Are You a Responsible Nanoscientist?
Vol. 4, Num. 6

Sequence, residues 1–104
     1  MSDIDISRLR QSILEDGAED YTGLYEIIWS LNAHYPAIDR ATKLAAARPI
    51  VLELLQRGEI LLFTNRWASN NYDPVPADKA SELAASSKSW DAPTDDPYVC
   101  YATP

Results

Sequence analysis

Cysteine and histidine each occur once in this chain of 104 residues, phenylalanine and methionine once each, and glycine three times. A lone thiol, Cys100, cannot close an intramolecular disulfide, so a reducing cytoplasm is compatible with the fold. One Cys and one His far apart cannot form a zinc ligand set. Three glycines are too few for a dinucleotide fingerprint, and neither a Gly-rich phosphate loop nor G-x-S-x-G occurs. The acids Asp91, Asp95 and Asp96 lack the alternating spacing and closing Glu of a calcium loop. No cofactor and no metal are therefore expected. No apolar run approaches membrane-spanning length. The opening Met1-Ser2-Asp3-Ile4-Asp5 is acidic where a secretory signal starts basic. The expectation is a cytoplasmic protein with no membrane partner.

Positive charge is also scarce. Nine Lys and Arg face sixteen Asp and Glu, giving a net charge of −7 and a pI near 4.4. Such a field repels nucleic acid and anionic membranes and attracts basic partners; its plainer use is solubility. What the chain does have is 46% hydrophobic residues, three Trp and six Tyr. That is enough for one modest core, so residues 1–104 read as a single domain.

Jones analyzes the European Commissions code of ethics for nanoscience and nanotechnology research to find that most scientists would not be happy with the recommended ideas of culpability and responsibility. For instance, the idea that doing general nanotechnological research absents one from responsibility for its eventual application is found wanting by the EC, which states that scientists are responsible for any environmental, social or humanitarian impacts their research may cause. While some scientists may hide behind their works designation as legal and therefore justifiable, Jones points out that many would strongly disagree with the principle that what is legal is necessarily ethical. Scientists cannot even claim the government should determine if the work they are hired for is ethical, because these individuals have a duty to ensure what they are doing is ethical, especially when so many question the moral fiber of most governments. While he comes to no useful recommendation as to how this should be done, Jones does prescribe some sort of standard by which scientists can judge the validity and morality of their work on an individual basis.